As we have already established, the selling point for most trucks is the sheer fact that they provide unparalleled capabilities. In other words, trucks have more functional value than cars in the leisure market. But who wants to pay upwards of $52,200 for a truck that is basically a rebadged F-150? If you wanted to get an F-150 with the same engine specs as the Blackwood, it would cost close to $31,000 (base MSRP). Most consumers weren’t dazzled by Lincoln’s emblem nearly enough to succumb to paying such a giant price tag for something that wasn’t all that special. And in the 15 months of production, the Blackwood managed to build a reputation that it just couldn’t come back from.
Despite the fact that the last model of the Equator is not even a decade old yet, it’s widely unknown to the majority of the truck-owning population. By the time the Equator came into the small pickup scene, the Tacoma had already been promoted to king of the little guys. Plus, the Equator was meant to be a US-market vehicle, and as gas prices skyrocketed following the recession in the US, the Equator received no love from the compact-car-endorsing civilians. It wasn’t a terrible truck, albeit it was too similar to the outdated Frontier for the liking of most. Timing meant everything for Suzuki; the failure of the Equator marked the US division’s shuttering.
The Raider may not have fallen entirely due to the fault of the automaker, as the truck was equipped with a Chrysler Power Tech engine in an effort to save on production costs in the US market. In the same way that Suzuki came far too late in the game with the Equator, the Raider had too little too late. Even though it was based off of the Dodge Dakota, it had less options and even less horsepower than its mid-sized companion. Not to mention that loyalty to US manufacturers happens to be a major factor for truck buyers. It was an economy that just didn’t leave much room for these less-usable mid-sized pickups. The total lack of desire for something that is under-equipped and under-powered for a relatively high price left the Raider in the dust behind the hardly-surviving Tacoma and Colorado.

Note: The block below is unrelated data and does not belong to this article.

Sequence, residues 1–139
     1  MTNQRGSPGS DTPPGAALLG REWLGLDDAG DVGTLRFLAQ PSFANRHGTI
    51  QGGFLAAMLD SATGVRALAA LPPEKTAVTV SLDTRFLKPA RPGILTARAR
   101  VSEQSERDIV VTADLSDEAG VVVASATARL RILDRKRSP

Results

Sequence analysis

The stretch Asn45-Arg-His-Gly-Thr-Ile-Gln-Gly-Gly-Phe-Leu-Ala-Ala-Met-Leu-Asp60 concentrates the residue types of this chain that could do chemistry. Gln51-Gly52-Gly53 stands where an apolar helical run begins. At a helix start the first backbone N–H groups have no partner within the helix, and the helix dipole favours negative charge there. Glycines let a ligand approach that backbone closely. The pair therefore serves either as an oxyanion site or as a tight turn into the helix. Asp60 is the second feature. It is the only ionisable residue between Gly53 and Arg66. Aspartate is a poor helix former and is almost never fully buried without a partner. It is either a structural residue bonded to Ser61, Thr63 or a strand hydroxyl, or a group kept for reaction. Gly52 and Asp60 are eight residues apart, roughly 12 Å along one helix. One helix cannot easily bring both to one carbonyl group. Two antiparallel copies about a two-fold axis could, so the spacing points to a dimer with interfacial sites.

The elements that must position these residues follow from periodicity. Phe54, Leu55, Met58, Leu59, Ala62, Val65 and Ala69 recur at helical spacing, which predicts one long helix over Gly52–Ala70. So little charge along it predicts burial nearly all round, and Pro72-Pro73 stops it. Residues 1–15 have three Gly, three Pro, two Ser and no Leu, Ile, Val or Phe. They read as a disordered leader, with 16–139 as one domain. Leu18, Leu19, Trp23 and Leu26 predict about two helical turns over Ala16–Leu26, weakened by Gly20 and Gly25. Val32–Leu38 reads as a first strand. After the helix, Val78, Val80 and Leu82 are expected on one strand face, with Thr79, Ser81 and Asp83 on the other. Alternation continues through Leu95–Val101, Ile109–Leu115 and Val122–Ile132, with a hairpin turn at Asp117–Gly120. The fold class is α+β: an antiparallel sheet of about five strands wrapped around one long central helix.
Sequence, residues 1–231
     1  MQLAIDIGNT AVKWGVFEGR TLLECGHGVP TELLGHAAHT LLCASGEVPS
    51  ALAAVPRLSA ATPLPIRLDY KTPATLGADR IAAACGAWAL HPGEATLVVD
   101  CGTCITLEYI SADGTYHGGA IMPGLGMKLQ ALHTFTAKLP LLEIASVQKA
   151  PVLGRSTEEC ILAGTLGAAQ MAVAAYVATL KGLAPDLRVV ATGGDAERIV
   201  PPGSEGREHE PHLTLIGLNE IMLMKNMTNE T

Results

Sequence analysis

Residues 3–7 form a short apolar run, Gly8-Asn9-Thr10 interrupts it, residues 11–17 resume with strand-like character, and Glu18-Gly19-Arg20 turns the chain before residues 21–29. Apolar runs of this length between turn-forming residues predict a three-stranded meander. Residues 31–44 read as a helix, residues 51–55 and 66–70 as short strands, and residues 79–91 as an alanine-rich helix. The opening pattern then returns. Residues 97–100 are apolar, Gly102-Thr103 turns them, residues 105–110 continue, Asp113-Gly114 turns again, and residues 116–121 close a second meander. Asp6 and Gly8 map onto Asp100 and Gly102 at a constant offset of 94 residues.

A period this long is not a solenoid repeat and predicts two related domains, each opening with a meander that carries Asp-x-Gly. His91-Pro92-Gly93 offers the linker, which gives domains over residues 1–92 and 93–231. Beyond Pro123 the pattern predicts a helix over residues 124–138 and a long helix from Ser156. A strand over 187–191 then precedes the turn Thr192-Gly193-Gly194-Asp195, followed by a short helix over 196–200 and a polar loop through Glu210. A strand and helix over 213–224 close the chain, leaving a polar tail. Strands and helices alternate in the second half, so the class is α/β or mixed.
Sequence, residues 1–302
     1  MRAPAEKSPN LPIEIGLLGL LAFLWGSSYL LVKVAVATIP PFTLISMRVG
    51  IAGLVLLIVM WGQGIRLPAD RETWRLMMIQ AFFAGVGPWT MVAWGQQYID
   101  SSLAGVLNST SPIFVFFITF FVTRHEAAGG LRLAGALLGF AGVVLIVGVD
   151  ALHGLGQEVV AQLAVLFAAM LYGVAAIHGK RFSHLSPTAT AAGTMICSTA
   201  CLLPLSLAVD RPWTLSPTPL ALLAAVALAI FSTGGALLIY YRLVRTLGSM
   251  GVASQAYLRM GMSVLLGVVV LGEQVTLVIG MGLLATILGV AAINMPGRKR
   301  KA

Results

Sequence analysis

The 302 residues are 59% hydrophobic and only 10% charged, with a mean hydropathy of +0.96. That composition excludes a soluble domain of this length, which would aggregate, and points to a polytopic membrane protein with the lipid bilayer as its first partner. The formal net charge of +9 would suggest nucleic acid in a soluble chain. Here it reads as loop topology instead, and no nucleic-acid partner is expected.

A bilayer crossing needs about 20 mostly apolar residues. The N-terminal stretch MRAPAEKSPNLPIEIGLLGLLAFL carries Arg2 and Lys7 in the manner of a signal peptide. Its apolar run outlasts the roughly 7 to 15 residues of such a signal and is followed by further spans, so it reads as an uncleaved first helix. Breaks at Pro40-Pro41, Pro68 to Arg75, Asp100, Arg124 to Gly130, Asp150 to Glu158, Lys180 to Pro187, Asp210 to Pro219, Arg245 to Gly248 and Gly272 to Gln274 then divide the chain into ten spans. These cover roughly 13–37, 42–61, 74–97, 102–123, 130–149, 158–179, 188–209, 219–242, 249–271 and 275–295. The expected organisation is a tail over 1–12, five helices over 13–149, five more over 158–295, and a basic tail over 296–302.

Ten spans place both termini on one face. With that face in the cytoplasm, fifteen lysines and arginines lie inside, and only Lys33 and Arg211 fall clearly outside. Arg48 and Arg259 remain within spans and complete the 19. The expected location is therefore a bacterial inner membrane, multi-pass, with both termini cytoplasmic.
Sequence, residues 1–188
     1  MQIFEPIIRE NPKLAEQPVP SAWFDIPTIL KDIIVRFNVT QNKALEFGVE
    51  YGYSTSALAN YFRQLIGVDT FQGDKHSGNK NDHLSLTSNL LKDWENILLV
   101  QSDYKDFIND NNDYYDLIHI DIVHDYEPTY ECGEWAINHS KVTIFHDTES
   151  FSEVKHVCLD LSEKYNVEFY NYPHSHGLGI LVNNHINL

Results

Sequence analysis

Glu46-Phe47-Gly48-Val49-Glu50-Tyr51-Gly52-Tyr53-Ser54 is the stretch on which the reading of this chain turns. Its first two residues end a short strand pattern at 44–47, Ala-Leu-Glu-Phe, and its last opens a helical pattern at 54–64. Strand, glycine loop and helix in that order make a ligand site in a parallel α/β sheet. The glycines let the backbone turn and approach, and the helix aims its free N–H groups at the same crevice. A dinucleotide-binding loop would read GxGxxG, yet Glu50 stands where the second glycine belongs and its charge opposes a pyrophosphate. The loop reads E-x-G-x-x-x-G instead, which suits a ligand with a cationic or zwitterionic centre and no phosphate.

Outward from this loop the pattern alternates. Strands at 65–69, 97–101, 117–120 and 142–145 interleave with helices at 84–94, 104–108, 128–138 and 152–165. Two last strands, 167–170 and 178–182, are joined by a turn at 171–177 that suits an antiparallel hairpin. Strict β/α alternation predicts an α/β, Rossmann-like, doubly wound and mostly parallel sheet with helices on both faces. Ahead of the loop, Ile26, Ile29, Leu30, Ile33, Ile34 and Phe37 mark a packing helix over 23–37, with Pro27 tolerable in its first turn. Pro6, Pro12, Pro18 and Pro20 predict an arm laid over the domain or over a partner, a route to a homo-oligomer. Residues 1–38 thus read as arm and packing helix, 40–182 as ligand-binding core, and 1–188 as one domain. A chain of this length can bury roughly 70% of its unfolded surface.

Unlike many of the other mid-sized trucks that debuted during the rise in fuel prices (in the US), the Colorado narrowly escaped discontinuation. However, a bad economic climate isn’t entirely to blame for the failure of the early Colorado. To be fair, it wasn’t completely overlooked like many of the lesser-known mid-sized pickups on this list, but it hadn’t gained nearly the footing that Chevrolet had hoped for at the time. The Colorado had a multiplicity of engine problems, including start failures and a propensity to overheat, but it wasn’t just the motor that was threatened by error; the models also had a few safety recalls including a faulty child seat. What nearly put the nail in the coffin for the Colorado, though, was its $21,000 price tag, which wasn’t competitive enough with the compact cars that ruled that period of time.